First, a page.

You might know what the U.S.-Mexico border looks like – but do you know what it sounds like?
Using a map of the existing barriers between the U.S. and Mexico that our data team created, we worked together to sonically represent the presence – and absence – of border barriers in a few different ways.
First, to convert spatial data into sound, we determined when notes should be played.
We calculated the distance between the beginning of the border and where each segment of the fenced border began, as well as the length of that segment. We chose a speed at which we would move along the border (10 miles a second), then converted those distances to time. For example, a 10-mile-long segment of fence that begins 20 miles from the start of the border would start playing at 2 seconds, and the note would last for one second.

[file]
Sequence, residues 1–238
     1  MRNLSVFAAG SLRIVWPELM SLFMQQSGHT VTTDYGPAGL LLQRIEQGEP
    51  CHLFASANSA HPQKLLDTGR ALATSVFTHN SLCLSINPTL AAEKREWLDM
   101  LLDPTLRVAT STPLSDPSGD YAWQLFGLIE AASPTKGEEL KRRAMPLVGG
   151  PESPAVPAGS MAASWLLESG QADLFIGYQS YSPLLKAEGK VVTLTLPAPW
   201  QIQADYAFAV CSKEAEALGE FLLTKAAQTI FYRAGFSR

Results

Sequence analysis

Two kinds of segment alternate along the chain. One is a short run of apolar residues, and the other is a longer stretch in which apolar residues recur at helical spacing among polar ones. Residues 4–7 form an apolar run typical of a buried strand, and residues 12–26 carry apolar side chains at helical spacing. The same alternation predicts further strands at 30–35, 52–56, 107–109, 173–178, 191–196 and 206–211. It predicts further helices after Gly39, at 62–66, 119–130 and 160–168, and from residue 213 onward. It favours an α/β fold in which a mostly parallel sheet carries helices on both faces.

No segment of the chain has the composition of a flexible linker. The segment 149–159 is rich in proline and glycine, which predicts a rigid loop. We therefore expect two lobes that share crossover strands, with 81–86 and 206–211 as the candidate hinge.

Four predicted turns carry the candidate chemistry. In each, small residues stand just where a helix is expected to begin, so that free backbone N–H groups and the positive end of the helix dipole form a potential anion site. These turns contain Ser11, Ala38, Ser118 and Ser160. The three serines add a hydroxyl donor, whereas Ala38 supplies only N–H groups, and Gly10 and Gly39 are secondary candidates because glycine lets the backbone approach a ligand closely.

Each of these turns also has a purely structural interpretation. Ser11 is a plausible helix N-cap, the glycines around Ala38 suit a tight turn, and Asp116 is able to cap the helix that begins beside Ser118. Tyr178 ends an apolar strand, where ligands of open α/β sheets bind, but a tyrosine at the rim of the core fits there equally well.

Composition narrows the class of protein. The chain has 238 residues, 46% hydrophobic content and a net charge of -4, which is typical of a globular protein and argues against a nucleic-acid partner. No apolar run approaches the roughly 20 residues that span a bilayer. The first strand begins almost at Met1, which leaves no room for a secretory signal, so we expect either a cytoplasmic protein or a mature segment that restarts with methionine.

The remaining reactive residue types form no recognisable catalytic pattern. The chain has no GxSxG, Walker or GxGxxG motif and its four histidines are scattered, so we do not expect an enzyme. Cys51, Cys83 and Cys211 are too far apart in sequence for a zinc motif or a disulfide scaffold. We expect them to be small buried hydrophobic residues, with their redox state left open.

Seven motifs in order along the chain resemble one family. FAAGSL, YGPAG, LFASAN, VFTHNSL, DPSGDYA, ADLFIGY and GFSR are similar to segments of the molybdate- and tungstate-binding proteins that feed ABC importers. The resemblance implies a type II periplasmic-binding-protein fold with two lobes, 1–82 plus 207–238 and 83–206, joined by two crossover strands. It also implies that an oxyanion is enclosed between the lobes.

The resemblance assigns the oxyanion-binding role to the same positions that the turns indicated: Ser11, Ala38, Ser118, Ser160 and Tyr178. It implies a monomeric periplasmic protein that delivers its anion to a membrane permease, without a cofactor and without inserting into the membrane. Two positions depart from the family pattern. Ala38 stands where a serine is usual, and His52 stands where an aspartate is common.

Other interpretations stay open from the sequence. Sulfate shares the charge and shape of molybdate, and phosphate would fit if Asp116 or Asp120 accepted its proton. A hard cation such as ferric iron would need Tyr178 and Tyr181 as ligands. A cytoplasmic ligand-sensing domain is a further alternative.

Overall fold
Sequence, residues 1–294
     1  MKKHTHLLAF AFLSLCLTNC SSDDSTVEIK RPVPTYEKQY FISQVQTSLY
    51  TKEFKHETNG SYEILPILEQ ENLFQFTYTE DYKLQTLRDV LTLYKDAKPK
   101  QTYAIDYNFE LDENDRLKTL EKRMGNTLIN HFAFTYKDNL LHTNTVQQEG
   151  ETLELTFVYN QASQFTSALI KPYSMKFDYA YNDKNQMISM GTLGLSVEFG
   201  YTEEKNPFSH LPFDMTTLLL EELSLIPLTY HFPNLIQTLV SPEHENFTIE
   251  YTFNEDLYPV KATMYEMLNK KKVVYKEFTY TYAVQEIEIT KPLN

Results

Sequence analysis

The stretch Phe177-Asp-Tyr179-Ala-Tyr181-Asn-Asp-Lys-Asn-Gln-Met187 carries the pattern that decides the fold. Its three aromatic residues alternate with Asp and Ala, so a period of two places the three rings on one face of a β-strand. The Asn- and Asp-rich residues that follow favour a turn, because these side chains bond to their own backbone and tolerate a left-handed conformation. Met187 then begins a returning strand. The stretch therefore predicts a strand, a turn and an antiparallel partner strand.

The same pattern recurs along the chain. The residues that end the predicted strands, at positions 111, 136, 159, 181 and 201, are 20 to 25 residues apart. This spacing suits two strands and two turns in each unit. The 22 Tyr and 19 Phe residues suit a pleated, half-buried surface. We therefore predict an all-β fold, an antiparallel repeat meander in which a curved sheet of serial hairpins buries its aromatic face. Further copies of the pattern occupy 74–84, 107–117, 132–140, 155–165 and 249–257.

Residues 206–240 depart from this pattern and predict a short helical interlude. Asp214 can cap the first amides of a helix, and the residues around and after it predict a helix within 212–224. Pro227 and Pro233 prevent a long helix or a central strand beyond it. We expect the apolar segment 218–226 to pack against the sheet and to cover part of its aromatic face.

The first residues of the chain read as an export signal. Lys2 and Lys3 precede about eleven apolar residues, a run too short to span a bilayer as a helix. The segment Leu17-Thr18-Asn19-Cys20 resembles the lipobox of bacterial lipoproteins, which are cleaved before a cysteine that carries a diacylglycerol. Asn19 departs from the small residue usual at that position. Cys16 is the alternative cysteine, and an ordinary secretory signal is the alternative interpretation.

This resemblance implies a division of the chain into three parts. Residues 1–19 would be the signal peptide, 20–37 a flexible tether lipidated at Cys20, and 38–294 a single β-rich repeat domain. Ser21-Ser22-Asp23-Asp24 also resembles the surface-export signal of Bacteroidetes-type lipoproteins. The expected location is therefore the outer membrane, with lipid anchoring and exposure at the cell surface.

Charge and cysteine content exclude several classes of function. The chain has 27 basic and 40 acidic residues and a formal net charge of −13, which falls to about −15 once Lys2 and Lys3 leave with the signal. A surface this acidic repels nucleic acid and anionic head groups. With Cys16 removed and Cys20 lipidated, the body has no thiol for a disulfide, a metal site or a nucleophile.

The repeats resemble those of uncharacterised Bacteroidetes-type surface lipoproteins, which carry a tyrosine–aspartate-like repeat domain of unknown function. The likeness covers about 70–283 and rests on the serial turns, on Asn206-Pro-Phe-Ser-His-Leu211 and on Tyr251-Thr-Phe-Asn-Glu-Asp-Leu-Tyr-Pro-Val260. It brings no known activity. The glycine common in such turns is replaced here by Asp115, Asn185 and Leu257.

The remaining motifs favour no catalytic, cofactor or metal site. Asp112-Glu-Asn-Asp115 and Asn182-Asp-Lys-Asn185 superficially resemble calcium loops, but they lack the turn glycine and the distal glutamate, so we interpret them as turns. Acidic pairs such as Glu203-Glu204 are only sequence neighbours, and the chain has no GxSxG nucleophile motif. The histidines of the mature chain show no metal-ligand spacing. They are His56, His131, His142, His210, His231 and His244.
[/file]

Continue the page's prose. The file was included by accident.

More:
We also came up with different sounds to represent the various types of barriers along the border.
So go ahead, click play.
While you’re listening, picture yourself flying low over the U.S.-Mexico border, starting in San Diego and Tijuana, Mexico, and ending nearly 2,000 miles to the east near Brownsville, Texas, and Matamoros, Mexico.
The lower note/melody represents tall pedestrian fence, often 10 to 20 feet high. Higher-pitched piano plinks represent shorter fence designed to stop vehicles, but not people. An airy keyboard drone signals gaps in the fence.
You can hear a stripped-down version of this song in our episode “Up against the wall.” It relies on the same principles using three basic elements: the two alternating synth lines and a drum sample. This, I found, partnered better with host Al Letson’s voice in the first segment of the episode.
Note: We’ve tried to help out listeners with a little stereo separation in both pieces. So if you’re listening on headphones, you’ll be able to pick out the “pedestrian fence” on the left and the “vehicle fencing” on the right.
This story was edited by Julia B. Chan.